The Prime Minister’s deal on Europe has been backed by Bognor Regis and Littlehampton’s MP as a ‘step in the right direction’.
Nick Gibb, who is the Government’s schools minister, explained that although the agreement did not deliver the ‘slimmed down, trade-focused, modern, responsible body’ he believed the European Union (EU) had to become to remain relevant throughout the 21st century, it helped protect the UK from a process of further political integration.
He explained that as a Eurosceptic he has been deeply concerned about the encroachment of EU institutions over Britain’s sovereignty, but argued that the uncertainty of the country’s position if it were to vote to leave in June, especially issues around security, gave him ‘pause for thought’.
Mr Gibb said: “At the general election in 2015 we promised to hold a referendum on Britain’s membership of the EU, once the renegotiation had been completed.
“That promise is being delivered. The vote will take place on Thursday 23 June.
“The decision, therefore, about whether or not this country should remain in the EU rests not with politicians but with the electorate.
“My vote is no more important than anyone else’s in this referendum.
“In my judgement, Friday night’s agreement is a significant step in the right direction. The EU needs more reform but, after considerable thought and heart searching, I have come to the conclusion that the right thing to do is to support the Prime Minister.
“He has been an outstanding leader of our country and is presiding over the transformation of the economy and our public services. He is a good man and has negotiated a good deal. We should trust his judgement.”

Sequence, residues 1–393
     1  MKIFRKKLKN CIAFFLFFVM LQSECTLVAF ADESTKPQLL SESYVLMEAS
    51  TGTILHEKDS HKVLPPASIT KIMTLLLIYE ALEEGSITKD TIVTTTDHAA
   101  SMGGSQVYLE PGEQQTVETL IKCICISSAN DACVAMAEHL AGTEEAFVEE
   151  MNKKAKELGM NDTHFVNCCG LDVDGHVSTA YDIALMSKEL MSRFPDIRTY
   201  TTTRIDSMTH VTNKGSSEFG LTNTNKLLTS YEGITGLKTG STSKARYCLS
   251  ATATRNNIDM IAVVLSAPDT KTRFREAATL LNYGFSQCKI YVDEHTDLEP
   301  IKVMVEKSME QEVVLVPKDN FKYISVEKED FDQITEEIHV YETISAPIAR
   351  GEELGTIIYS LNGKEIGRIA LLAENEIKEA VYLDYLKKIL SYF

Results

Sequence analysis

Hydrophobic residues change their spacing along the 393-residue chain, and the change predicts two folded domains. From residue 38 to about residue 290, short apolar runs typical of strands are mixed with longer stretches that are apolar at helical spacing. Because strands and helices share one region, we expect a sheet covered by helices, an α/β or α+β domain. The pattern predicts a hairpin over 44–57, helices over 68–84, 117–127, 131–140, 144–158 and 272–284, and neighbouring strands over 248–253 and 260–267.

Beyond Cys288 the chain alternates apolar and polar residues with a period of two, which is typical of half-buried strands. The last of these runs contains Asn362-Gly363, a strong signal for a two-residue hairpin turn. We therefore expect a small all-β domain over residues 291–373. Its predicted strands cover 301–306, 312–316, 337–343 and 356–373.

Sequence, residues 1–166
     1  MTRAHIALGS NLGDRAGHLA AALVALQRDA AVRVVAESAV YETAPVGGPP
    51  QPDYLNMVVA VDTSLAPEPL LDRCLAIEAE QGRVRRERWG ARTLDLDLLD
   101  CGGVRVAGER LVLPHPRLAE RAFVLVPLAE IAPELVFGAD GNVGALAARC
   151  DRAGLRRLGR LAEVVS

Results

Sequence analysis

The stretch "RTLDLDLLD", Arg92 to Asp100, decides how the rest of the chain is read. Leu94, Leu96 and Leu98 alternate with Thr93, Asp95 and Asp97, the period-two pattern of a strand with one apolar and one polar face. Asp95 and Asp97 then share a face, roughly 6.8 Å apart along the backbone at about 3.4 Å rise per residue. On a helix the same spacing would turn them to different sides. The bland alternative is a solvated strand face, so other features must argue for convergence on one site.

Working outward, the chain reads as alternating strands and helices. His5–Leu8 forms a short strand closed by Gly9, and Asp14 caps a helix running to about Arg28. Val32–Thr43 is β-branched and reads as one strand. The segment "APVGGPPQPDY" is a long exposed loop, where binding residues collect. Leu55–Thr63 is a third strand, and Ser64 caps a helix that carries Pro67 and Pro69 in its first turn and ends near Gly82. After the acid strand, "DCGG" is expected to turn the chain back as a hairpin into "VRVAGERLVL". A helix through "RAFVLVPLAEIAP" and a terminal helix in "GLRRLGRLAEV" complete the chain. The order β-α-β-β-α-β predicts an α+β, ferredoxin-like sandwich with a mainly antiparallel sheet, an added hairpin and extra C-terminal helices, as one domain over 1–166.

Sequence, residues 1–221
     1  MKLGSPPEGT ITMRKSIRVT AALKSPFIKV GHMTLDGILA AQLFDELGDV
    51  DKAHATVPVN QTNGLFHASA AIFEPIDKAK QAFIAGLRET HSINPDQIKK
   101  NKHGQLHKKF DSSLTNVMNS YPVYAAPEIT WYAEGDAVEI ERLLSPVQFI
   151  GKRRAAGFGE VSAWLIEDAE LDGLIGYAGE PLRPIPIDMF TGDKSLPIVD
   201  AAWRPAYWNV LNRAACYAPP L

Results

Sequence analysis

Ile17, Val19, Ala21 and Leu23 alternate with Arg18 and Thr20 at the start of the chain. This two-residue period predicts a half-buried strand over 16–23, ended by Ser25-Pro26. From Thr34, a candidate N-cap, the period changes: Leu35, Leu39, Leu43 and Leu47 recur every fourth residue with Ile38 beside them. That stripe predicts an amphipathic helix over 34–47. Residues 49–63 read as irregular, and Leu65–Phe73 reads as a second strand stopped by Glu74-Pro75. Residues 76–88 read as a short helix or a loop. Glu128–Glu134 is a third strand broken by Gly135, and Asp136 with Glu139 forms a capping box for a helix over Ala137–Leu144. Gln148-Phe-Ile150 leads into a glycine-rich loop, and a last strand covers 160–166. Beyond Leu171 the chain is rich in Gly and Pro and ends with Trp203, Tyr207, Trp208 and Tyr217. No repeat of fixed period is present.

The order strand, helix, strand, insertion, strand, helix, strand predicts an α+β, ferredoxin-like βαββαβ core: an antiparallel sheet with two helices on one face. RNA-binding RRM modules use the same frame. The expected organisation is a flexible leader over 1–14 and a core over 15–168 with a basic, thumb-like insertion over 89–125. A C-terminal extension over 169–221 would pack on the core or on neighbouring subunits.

The decision to hold an EU referendum and the election of David Cameron as leader of the Conservative Party were the two most important decisions Mr Gibb had made as an MP, he said.
He added: “As a Eurosceptic, who has been deeply concerned about the encroachment of the institutions of the European Union over Britain’s sovereignty for many years, I have obviously followed very closely, and supported, the Prime Minister’s renegotiation of our relationship with the EU.
“I believe that he chose to concentrate on the right issues as the basis for a new settlement: economic governance (ensuring that Eurozone members cannot impose their will on non-Euro members), competitiveness (reducing undue regulation and extending the single market), immigration (restricting access to benefits for EU migrants) and sovereignty (reaching explicit agreement that Britain is not committed to “ever closer union”).
“I therefore welcome the deal that David Cameron has secured and, in particular, the clear statement that the UK ‘is not committed to further political integration into the European Union’ and that this will be written into the EU’s Treaties. It is also important to have secured agreement that references to ‘ever closer union’ in the Treaties do ‘not offer a legal basis for extending the scope of any provision of the Treaties or of EU secondary legislation’.
“Taken together with legislation passed in the last Parliament requiring a referendum of the British people in the event of any new treaties transferring further powers to the European Union, the agreement protects the UK from a process of further political integration that would have been damaging on a range of important policy areas and would have undermined the faith people would have that our democratic institutions were properly representing their interests and beliefs.
“The question I have been struggling with is, ‘is this enough?’ I have no doubt that Britain’s economy would prosper outside the European Union. But do the protections David Cameron has secured for non-Eurozone economies, the commitment to fully complete the internal market, the centrality of competitiveness to the success of EU economies and the promise of further deregulation mean that the UK economy can prosper in a reformed European Union?”
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